RAILS HURTS

Why it happens to your code again and again?

Ruby on Rails is considered a universal framework for web application creation. So, whenever you develop something for the web with Ruby, Rails is your choice by default.

At the beginning of development, everything is super quick and straightforward. Then you add some gems, and they seem to fit perfectly. They even speed things up.

After a while, when you add more functionality and gems, you start to notice that some of the stuff does not fit very well. So you start using duct tape and super glue to stick everything together.

Things don't seem intractable, but you keep adding stuff, and at some moment you find yourself in a situation when every step forward becomes too painful.

You fix it in one place and it breaks in two others. You introduce new functionality and it conflicts with existing architecture. Don't even mention Rails version upgrades.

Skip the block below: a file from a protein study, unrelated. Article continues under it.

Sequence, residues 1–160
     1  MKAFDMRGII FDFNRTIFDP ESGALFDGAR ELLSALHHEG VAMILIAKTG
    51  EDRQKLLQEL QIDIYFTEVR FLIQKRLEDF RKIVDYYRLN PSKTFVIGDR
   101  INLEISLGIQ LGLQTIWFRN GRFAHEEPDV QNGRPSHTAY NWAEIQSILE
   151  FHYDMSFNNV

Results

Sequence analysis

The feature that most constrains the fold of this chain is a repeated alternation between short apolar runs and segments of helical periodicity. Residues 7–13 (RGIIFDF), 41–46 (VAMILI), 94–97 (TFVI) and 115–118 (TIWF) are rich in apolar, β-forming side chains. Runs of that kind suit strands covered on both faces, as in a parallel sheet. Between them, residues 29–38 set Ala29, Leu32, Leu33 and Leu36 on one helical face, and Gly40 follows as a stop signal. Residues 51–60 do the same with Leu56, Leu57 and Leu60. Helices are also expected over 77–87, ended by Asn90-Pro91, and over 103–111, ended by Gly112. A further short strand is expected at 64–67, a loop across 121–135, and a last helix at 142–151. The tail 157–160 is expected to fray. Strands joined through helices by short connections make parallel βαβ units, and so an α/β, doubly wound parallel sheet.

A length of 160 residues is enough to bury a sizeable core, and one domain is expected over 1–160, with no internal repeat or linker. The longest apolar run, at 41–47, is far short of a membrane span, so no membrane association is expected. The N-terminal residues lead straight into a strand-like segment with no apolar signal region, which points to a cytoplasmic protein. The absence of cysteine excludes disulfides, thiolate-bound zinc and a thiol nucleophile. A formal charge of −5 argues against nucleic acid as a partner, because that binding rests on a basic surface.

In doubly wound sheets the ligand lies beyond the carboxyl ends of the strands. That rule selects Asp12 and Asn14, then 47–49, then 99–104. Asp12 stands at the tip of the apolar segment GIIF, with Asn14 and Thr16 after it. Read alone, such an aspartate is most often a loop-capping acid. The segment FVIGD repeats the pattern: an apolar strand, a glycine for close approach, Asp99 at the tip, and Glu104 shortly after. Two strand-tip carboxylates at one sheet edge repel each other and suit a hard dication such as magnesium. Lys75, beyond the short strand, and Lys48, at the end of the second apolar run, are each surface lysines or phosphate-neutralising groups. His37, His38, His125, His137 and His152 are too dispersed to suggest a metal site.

This happens because of as applcations grow, they increase in complexity

The bigger your app gets, the more mess you make, unless you're able to manage complexity.

This ability can come from two sources:

The Rails framework is optimized for developer convenience. As your application grows, things become hairy pretty quickly. For example, remember conditional validations?

Developers who tend to rely on the Rails way become trapped: "Rails is good by default", she thinks, "so there's no need to learn special complexity management techniques"

What can you do?

To break the vicious circle of mess, you must improve your ability to manage complexity.

You might need to learn about concepts and aspects of complexity management. Here are some categories:

Or you can rely on tools. You can start using tools with modularity ideas built in, like Lotus or ROM. Of course, there is a less radical way. You don't always have the luxury of starting from scratch, but you can tweak Rails to provide some complexity management. Some of of the tools that may help you:

Of course, it's best to learn principles and great tools. Because if you use tools without understanding the underlying principles, they might hurt you ;)

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